Gg z Hg z; Gh z Hg z: 2:19

If above relation holds, then Eq. (2.13) reduces to

Yz TzXz 2:20

with

1

Tz Hg zHh z Hh zHg z 2:21

2

Thus, an orthogonal filter bank splits the input space into low-pass approxi-

mation space Vg and its high-pass orthogonal component Vh. The space Vg cor-

responds to a coarse approximation, while Vh contains additional details. This is

the first step in the multiresolution analysis that is obtained when iterating the

high-pass/low-pass division on the low-pass branch (Fig. 2.1).

If an alias-free QMF bank has no amplitude and phase distortion, then it is

called a perfect reconstruction mirror filter (PRQMF) bank. The time domain

equivalent of the output is given by [100]

yn dxn n0 2:22

for all possible inputs. This indicates that the reconstructed output y(n) is a scaled

and delayed replica of the input. Thus, it is evident that the output resembles with the

basic properties of the wavelet decomposition/reconstruction. The combination of

multiple PRQMF bank results in multilevel wavelet decomposition/reconstruction

as shown in Fig. 2.2.

2.2 Orthogonal Filter Banks 27

Transform

Rioul et al. in their seminal paper [106] have studied the computational complexity

of wavelet transforms in detail. In general, the computations are periodic in 2m for

an m-level wavelet. Here, each filtered output is decimated by a factor of 2. This

necessitates computation of those signal samples that are not thrown away.

Consider an input set of N = 2m samples. For the first level, each filter computes

N/2 samples, so the total number of samples generated at the low-pass and high-

pass filters of level-1 wavelet is N. Similarly, each filter in the second-level

wavelet computes N/4 samples, and the total number of samples computed at level

2 is N/2. In an m-level wavelet, the total number of samples computed is

N N

N 2 2N 1: 2:23

2 4

Since the wavelet computation is periodic with N samples, the number of samples

[106]. This implies that the maximum number of filters needed for computation in a

one-dimensional multilevel forward wavelet transform is two. In other words, one

low-pass and one high-pass filter will always be adequate for computation of one-

dimensional DWT. The parallel filter bank structure discussed in next Section will

lead to an efficient means for computation of wavelet transform.

Wavelet Transform

essential in DWT hardware implementation. A possible solution is based on Mallat

algorithm [87] requiring only two filters (one high- and one low-pass filter). In the

multistage DWT, coefficients are calculated recursively, and in addition to the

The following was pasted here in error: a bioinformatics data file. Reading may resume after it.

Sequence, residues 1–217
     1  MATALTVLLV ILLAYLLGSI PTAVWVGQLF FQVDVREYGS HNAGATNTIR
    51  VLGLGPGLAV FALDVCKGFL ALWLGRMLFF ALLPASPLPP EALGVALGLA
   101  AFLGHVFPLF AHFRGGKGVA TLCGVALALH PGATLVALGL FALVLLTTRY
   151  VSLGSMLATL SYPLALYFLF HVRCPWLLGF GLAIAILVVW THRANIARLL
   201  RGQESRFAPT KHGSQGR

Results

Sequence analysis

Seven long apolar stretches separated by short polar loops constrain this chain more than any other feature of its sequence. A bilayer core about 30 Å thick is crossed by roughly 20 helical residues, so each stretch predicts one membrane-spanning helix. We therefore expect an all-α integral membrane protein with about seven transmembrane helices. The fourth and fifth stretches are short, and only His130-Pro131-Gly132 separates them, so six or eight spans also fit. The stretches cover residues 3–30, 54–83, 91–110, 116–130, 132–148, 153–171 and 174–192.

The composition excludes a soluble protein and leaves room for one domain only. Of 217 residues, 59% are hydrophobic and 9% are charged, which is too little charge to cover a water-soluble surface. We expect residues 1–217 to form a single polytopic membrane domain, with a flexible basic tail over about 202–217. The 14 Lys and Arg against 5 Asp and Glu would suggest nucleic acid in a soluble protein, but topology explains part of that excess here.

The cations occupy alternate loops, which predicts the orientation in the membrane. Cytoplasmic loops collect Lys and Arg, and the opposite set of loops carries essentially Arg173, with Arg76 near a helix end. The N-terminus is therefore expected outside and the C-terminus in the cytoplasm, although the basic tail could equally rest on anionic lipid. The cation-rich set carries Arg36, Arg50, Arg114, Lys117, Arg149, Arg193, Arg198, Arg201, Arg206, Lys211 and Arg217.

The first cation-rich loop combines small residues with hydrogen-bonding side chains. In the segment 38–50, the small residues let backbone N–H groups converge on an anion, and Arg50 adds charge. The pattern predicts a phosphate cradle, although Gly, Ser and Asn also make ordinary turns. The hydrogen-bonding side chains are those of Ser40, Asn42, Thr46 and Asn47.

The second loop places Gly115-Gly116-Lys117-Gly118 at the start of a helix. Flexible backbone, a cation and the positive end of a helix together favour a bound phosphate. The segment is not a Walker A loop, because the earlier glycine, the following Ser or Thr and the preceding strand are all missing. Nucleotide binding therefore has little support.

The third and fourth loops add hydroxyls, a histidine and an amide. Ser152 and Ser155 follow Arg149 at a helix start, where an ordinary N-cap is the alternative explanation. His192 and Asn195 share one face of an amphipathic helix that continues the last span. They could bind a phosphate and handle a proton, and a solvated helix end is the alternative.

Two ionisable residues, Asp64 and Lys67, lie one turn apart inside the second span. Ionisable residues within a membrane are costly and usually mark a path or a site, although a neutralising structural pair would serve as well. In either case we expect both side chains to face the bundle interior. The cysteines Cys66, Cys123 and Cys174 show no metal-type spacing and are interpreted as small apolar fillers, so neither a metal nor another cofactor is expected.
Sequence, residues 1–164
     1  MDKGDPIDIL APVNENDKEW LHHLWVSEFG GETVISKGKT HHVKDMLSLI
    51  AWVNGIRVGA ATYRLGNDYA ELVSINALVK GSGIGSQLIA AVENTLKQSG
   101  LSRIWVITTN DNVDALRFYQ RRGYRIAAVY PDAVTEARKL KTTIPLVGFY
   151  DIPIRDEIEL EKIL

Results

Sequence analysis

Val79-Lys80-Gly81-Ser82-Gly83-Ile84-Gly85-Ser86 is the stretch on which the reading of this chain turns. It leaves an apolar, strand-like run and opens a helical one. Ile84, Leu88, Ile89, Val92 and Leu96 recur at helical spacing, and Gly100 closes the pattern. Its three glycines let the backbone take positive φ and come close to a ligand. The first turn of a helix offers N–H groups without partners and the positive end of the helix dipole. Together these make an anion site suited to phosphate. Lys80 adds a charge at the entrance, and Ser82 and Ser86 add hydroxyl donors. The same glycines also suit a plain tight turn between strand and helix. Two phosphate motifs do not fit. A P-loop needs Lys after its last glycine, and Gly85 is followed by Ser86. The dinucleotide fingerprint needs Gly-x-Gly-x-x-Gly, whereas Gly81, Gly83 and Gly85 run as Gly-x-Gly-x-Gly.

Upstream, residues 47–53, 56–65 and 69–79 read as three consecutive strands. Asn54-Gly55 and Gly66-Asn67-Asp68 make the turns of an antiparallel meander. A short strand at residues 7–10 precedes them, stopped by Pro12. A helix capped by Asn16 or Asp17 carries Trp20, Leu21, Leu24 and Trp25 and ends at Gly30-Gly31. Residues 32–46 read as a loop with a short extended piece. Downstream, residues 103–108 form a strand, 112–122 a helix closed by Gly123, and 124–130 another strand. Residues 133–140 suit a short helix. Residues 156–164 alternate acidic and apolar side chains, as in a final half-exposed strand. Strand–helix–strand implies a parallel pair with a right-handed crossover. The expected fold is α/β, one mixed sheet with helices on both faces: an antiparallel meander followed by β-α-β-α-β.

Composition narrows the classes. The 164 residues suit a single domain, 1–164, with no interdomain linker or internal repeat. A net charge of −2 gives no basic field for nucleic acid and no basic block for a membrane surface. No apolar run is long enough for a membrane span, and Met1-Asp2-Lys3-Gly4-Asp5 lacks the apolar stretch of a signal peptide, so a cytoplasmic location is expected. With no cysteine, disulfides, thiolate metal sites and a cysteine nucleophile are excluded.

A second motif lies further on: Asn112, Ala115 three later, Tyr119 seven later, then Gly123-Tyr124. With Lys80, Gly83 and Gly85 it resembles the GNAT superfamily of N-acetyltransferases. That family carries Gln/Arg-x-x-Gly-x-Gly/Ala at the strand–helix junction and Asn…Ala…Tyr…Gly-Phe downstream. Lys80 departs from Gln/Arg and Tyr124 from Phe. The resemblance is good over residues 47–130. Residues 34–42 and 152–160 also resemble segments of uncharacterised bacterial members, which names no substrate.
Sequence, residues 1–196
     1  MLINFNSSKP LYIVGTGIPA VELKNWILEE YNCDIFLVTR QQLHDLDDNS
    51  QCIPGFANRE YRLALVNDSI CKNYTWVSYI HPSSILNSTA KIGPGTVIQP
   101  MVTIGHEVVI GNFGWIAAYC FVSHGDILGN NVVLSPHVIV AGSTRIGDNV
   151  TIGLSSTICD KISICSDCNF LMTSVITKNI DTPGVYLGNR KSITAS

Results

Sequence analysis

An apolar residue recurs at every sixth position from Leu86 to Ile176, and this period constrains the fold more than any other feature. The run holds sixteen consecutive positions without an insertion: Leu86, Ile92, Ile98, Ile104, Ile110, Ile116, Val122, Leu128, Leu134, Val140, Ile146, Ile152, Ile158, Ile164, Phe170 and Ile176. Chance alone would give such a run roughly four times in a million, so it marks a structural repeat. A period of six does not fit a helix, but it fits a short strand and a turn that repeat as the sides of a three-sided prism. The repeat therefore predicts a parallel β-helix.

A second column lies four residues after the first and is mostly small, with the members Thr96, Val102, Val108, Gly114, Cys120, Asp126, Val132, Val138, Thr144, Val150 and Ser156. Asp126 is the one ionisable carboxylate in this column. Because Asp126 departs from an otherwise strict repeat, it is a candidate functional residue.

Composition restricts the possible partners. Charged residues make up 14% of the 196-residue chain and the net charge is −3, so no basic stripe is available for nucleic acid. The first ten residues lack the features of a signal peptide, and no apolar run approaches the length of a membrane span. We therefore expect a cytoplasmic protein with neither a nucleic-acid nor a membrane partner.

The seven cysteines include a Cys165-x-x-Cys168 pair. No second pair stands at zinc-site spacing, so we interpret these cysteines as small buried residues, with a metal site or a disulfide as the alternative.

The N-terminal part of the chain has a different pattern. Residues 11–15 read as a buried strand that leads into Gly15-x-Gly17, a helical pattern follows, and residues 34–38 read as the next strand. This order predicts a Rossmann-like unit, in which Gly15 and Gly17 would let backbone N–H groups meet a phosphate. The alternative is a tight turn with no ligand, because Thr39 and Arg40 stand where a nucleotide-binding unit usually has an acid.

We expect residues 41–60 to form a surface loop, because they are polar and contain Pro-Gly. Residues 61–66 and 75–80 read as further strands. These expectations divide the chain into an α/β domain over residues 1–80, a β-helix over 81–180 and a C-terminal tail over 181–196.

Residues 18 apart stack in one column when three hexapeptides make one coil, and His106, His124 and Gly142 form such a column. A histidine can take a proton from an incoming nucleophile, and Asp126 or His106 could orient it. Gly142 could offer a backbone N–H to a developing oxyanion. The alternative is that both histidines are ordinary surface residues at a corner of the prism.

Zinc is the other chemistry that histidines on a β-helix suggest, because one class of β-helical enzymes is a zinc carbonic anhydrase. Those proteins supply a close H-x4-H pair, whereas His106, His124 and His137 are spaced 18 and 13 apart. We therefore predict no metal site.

wavelet decomposition stage, extra space is required to store the intermediate

coefficients. Hence, the overall performance depends significantly on the precision

of the intermediate DWT coefficients [74] as discussed in detail in next chapter.

An alternative method for fast and efficient implementation of DWT transform is

based on parallel filter implementation. In this, cascaded high-pass and low-pass

filters at different resolution levels will be replaced by their equivalent filter [80],

[107]. This necessitates number of filters to be of the order of decomposition level.

The main advantage of the parallel filter algorithm is that it does not require

storing intermediate coefficients [123]. Another advantage of this architecture is

that the word length can be arbitrary and is not restricted to be a multiple of 2m for

m-resolution-level wavelet decomposition.

28 2 Filter Banks and DWT

evaluation is based on binary tree structured QMF. The output from high-pass

filter is termed as detailed wavelet coefficients and from low-pass filter is termed as

approximation coefficients. The approximation coefficients from previous level,

after passing through another PRQMF filter bank, generate another set of detailed

and approximation coefficients, and the decomposition process is continued until

one reaches desired level of decomposition. The limitation here is that if the DWT

coefficients of level L are of use, one has to first obtain the DWT coefficients at

level L - 1, thus increasing computational burden. Souani et al. [123] presented

an efficient one-dimensional direct DWT computation algorithm. The algorithm

enables computation of Lth-level DWT coefficients without prior knowledge of

(L - 1)th-level DWT coefficients. The algorithm is simple and uses a modified

filter structure generated out of basic PRQMF filter bank. As discussed in next

chapters, the algorithm is suitable from finite precision and parallel implementa-

tion viewpoint. Its implementation necessitates, finding equivalent parallel filters

generated out of PRQMF filter bank to compute the DWT coefficient at any level